Schumer in Woodmere: battling 'a stain of intolerance'

Jeff Bessen for LI Herald

January 26, 2022

Originally published in Long Island Herald on January 26, 2022.

Surrounded by Christian, Jewish, Muslim and Sikh religious leaders, Senate Majority Leader Charles Schumer stumped for Congress to double the amount of money available through the Not-For-Profit Security grant program.

“We live with a type of fear we have not experienced in this country for as long as anyone of us could remember,” said Rabbi Mordechai Kamenetzky, dean of Yeshiva of South Shore.  

The money is for nonprofit organization that are at a high risk of terrorist attack to upgrade the physical security of their buildings. Bollards, cameras and secure doors and windows can be bought with the federal funds.

“Every student, every staff member that goes to any school, whether public or private, deserves an education and a safe environment to learn,” said Ari Solomon, executive director of the Hebrew Academy of the Five Tows and Rockaway. 

Schumer announced the push to increase the money amount at Young Israel of Woodmere on Jan. 26, the largest Orthodox Jewish congregation on the South Shore of Long Island, in the aftermath of the hostage situation that occurred at a synagogue in Cooleyville, Texas on Jan. 15. The temple’s rabbi and four other people were taken hostage for 11 hours. They escaped and the hostage taker was killed by law enforcement. 

“There is an unease in the air,” Schumer said, speaking of what he called “a stain of intolerance,” that has resulted in an increase of attacks on religious places that he said, “welcome strangers,” but now spiritual leaders and their congregants are “worried about strangers.” He noted that in the last 10 years 600 worshippers, of all religious affiliations, have been killed.

“There is a phenomena that is sweeping our country,” said State Sen. Todd Kaminsky, a Democrat who represents the Five Towns. “We’ve seen anti-Semitic and generally racist and intolerant incidents, and violence skyrocket. We need to do something about that.”      

To help ease the fear, Schumer said that the security grant money pot should be $360 million in the upcoming budget up from the current $180 million. It is a program that he originated two years ago, which began with $90 million and that amount was also doubled, a year later.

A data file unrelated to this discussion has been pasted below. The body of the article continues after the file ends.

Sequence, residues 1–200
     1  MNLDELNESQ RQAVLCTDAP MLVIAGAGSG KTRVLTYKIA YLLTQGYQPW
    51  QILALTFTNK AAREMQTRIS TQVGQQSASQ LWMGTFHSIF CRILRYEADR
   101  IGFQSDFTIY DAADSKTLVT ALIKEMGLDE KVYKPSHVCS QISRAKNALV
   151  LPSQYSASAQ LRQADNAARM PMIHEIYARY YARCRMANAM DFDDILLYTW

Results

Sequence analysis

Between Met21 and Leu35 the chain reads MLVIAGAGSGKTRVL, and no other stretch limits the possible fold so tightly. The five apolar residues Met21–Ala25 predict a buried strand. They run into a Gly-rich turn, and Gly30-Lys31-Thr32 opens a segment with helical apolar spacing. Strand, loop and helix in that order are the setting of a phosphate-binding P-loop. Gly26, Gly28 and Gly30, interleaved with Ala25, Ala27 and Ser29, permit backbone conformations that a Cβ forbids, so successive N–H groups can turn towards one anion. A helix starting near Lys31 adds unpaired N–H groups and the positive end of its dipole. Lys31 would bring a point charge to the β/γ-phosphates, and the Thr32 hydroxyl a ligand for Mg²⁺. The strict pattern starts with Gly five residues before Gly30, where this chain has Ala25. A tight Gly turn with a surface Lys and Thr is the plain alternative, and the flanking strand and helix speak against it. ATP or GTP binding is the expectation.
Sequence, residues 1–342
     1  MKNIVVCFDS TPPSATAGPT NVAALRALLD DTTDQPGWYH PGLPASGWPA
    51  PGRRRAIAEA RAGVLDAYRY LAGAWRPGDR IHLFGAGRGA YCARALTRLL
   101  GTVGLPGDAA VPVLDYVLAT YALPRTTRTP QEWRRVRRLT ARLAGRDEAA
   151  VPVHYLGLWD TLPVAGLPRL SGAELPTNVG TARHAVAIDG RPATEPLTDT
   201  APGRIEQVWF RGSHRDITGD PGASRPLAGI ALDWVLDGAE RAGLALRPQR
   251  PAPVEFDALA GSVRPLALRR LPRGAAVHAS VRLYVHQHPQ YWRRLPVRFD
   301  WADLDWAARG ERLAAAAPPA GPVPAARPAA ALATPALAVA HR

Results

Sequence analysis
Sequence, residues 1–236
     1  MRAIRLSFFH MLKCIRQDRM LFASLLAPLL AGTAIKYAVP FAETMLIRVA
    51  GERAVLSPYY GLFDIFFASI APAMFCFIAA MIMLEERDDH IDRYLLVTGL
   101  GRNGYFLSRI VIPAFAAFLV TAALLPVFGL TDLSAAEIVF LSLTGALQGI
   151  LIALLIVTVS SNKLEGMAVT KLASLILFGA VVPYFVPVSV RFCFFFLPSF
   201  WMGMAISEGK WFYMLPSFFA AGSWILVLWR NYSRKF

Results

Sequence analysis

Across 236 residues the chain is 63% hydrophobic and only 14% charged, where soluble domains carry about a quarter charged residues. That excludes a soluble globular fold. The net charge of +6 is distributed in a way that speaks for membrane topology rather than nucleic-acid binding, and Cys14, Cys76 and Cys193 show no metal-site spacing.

“We are constantly thinking about what further measures we must take in order to ensure the safety and security of our members, our clients and our staff,” said Gural JCC CEO Aaron Rosenfeld.

Scott Richman, the regional director of the Anti-Defamation League for New York and New Jersey, said that anti-Semitic attacks have tripled since 2013 and his office responds to 30 incidents week. “Our partners in this battle have been elected officials, who have passed key pieces of legislation,” he said. “Our law enforcement, who have helped keep communities safe. Our schools who have worked with ADL, and teach the next generation to respect one another. And, of course civil society, which you see represented here today.”         

Less than 1,000 nonprofits that applied for the money have received funds, Schumer said, saying that the process to apply is easy, however more than 2,000 such organization seek help. New York state has received 23 percent of the previous money, including Young Israel of Woodmere. The shul got $125,000 and used the money to hire an outside security company, purchase cameras and other security upgrades.

“With the undeniable uptick of anti-Semitism all over this country, including the recent hostage situation in Cooleyville in Texas, security funding for all faith communities is no longer a luxury, but is now an absolute and urgent necessity,” said Young Israel of Woodmere Rabbi Shay Schacter.